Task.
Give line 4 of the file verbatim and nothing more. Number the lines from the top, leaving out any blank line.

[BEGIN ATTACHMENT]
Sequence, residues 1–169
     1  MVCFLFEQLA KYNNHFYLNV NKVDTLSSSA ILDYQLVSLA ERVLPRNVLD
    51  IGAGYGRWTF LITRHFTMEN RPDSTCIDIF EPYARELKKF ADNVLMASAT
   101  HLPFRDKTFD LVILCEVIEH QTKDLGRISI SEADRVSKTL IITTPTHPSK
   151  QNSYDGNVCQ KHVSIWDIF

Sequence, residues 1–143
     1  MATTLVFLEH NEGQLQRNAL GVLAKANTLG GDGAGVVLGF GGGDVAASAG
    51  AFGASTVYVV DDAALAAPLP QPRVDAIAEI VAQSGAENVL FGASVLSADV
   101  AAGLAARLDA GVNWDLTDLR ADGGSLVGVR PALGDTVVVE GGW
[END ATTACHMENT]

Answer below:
   101  HLPFRDKTFD LVILCEVIEH QTKDLGRISI SEADRVSKTL IITTPTHPSK